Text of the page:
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Abstract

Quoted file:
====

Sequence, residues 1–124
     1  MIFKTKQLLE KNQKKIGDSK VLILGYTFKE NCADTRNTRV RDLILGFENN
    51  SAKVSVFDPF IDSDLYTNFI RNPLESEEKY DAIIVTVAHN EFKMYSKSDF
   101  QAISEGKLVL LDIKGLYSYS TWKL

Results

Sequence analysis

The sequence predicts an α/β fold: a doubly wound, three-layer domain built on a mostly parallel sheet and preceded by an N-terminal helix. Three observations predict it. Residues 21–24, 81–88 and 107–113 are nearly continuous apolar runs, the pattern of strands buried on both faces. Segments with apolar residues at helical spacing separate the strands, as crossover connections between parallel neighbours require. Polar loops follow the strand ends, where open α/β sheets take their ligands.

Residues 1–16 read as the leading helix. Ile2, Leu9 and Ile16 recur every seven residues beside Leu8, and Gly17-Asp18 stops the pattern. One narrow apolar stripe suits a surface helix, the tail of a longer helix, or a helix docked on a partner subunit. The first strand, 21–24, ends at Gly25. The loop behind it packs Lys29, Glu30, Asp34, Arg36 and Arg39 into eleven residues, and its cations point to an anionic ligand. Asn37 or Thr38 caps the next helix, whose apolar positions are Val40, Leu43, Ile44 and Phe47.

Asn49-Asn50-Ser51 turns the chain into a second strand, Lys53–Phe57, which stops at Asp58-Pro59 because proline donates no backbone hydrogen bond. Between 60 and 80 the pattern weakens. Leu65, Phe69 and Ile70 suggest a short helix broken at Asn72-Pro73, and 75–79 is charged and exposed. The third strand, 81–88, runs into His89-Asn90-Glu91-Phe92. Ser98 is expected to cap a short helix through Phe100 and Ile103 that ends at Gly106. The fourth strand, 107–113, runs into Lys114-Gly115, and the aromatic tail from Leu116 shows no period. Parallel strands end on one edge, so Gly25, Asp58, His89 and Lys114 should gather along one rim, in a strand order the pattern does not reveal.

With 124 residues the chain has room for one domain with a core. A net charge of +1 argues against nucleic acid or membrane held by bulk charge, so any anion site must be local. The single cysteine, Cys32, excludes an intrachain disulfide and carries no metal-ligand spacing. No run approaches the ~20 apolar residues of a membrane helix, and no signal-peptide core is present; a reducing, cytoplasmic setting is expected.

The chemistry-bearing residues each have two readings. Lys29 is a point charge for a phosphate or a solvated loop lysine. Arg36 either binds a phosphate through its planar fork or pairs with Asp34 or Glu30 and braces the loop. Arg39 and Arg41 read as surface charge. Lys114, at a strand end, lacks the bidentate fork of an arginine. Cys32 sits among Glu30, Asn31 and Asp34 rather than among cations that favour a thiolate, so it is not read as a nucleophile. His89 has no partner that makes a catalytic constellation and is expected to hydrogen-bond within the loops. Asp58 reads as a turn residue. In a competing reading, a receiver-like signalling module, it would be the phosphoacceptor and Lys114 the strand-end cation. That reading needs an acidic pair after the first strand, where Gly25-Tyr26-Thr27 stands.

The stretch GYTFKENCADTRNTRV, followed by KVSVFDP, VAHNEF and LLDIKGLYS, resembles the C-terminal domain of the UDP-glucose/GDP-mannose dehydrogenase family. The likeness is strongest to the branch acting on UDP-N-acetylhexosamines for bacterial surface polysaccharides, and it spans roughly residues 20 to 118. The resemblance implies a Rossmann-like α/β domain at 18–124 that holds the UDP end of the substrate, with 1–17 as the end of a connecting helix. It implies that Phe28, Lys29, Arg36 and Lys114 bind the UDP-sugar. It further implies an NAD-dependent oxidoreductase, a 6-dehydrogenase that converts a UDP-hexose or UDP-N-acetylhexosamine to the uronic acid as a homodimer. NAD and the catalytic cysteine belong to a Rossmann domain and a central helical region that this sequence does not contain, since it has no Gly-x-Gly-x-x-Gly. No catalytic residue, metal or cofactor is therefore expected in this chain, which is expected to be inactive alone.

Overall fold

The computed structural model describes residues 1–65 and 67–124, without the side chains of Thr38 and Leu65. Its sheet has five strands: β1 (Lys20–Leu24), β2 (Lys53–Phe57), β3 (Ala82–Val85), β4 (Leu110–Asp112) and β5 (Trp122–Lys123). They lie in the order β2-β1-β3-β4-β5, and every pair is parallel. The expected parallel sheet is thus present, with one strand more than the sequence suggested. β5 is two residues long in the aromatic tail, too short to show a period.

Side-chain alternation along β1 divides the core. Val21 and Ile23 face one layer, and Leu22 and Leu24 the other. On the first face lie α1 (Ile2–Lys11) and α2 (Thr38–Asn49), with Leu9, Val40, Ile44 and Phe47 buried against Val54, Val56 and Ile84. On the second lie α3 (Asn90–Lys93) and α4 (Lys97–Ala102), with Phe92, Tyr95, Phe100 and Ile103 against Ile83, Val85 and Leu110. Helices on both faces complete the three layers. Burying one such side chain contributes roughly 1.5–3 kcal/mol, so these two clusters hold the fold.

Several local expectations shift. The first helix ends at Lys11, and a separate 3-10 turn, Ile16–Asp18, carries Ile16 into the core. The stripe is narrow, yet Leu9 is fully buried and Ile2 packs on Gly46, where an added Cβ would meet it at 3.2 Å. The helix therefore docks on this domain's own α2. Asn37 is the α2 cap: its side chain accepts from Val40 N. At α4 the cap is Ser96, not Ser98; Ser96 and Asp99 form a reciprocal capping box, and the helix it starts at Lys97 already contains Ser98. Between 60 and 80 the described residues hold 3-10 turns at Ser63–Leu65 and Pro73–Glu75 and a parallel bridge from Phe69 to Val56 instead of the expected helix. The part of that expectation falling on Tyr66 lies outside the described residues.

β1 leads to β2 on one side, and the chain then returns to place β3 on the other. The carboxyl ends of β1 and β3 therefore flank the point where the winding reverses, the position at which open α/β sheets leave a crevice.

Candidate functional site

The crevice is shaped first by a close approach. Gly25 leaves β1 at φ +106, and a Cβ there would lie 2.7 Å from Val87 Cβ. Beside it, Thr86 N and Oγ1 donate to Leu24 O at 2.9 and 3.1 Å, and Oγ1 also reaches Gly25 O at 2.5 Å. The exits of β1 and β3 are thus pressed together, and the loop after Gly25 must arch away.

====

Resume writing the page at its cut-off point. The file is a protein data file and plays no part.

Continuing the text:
This article addresses the rhetoric of performance assessment with research on important claims about science performance assessments. We found the following: (a) Concepts and terminology used to refer to performance assessments often were not consistent within and across researchers, educators, and policy-makers. (b) Performance assessments are highly sensitive not only to the tasks and the occasions sampled, but also to the method (e.g., hands-on, computer simulation) used to measure performance. (c) Performance assessments do not necessarily tap higher-order thinking, especially when they are poorly designed. (d) Performance assessments are expensive to develop and use: technology is needed for developing these assessments in an efficient way. (e) Performance assessments do not necessarily have the expected positive impact on teachers' teaching and students' understanding. (f) If teachers are to use performance assessments in their classrooms, they need professional development to help them construct the necessary knowledge and skills. This article attempts to address some of these realities by presenting a conceptual framework that might guide the development and the evaluation of performance assessments, as well as steps that might be taken to create a performance assessment technology and develop teacher inservice programs. © 1996 John Wiley & Sons, Inc.